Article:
We authors are an eclectic
bunch; we have to be. How else could we design the multitude of characters
needed to create a work of fiction?
In every story there must be a protagonist, most know this. But without an archenemy, be it a person, a character flaw, or a psychosis, where would the conflict stem?
If we as writers cannot imagine—get into the heads of—different emotional aspects of
could ALL the characters be believable? It's easy to design a protagonist after
yourself or even someone you know. But how do you create a character whose mind
you never really want to be a part of in the first place?
Research is one way, tons of it. But you also have to possess the ability to identify with the psyche of someone you'd rather not understand. You have to put yourself in their shoes, recognize they are people. They may be the "bad guys," but they typically have families, go to work, and play just like the rest of us.
A truly believable character must have some normal human characteristics, or he or she won't be believable -- yes, I like a woman to be the "bad guy" sometimes.
Every time I jump into the mind of my so-called "bad guys," my beta readers cheer. They love them. Why? Because the characters are realistic. Yes, they may be the "bad guys," but they still live, work, and socialize in the real world. Oftentimes, they are our co-workers, next door neighbors, friends, or heaven forbid, our relatives.
Want to see how I blend the good and the bad with all my characters, as they all have a little of both? Click one of the links below for a little more about what I write. My stories are available in print and eBook formats at your favorite retailer. I'll even give you a free book just for stopping by. From there, all my stories are priced "less than a latte" each so you can afford to READ UP and enjoy!
If it isn’t available free in your area, use…
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This has to be one of my biggest complaints with thrillers: villains that simply aren't believable. One thing that helped me a long time ago is to understand that few people act from a desire to commit evil. Most of the evil in the world comes from people who have the best of intentions, however warped they may be.ReplyDelete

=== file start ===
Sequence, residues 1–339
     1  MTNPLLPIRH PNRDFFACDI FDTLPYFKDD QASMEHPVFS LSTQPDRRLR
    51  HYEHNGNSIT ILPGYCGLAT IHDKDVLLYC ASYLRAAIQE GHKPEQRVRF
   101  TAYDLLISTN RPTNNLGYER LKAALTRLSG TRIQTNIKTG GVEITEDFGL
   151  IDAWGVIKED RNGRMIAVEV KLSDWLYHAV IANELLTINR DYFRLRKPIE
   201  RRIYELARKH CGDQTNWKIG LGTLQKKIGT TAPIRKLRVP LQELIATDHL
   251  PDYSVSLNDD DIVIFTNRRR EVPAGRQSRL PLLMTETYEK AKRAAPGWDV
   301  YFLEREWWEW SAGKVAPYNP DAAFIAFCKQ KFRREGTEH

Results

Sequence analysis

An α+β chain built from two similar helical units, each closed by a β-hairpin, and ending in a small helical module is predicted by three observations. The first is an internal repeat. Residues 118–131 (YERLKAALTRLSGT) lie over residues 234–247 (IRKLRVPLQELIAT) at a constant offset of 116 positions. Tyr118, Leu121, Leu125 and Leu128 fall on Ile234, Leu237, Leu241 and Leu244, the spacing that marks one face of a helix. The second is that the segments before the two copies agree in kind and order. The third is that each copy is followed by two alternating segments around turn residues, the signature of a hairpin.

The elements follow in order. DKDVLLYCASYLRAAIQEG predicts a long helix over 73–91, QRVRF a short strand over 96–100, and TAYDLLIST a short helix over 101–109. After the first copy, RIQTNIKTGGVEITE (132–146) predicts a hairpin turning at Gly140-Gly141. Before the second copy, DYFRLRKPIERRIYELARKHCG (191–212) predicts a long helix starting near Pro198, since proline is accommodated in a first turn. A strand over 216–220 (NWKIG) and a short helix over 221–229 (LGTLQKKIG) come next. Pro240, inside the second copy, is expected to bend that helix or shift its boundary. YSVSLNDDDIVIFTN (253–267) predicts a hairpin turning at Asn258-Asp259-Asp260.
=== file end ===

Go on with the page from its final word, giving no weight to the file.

Thanks for the comment, Stephen!ReplyDelete
I believe you are correct about most appalling actions happening before someone even comprehends they are out of control. Alcohol, I believe, is the precursor to most violent acts in the United States. One of the reasons I started my story off with the main character, a police detective, realizing: “Paramedics would confirm it was safe before entering the house of a gunshot victim, domestic disturbances were the most perilous of all police calls. Scorned lovers were notorious for turning the gun on others and then themselves after realizing they murdered their loved ones in a moment of distraught passion.”
I believe the majority of crime, however, is by self-serving individuals? People who believe they are entitled something another possesses.
Probably one of the main themes in all my stories, whether it be a person or monetary item, most of my “bad guys” simply want what they don’t have, and are willing to do anything to get it, even murder.
How’s that for Thriller Thursday?
Yes, 'bad guys' are people too, but what really makes them bad? Are they bad because they are out to harm others on purpose? Or are they 'bad' in respects to prohibiting the protagonist of the story from reaching their goal? Just because they hinder the protagonist doesn't mean that they'll do the same to someone else. The fun part in creating the bad guy is finding that balance, what lead them to the point of being 'bad', because everyone is not born bad...life experiences tend to taint us as we grow. Darth Vader had redeemable qualities no one was aware of until the end (or the first three movies were made, lol) Once you got to know what motivated the person behind the mask, you actually sympathized with him, understood him, and despite the evil things he began to do...actually cheered him on. Now THAT is great writing!ReplyDelete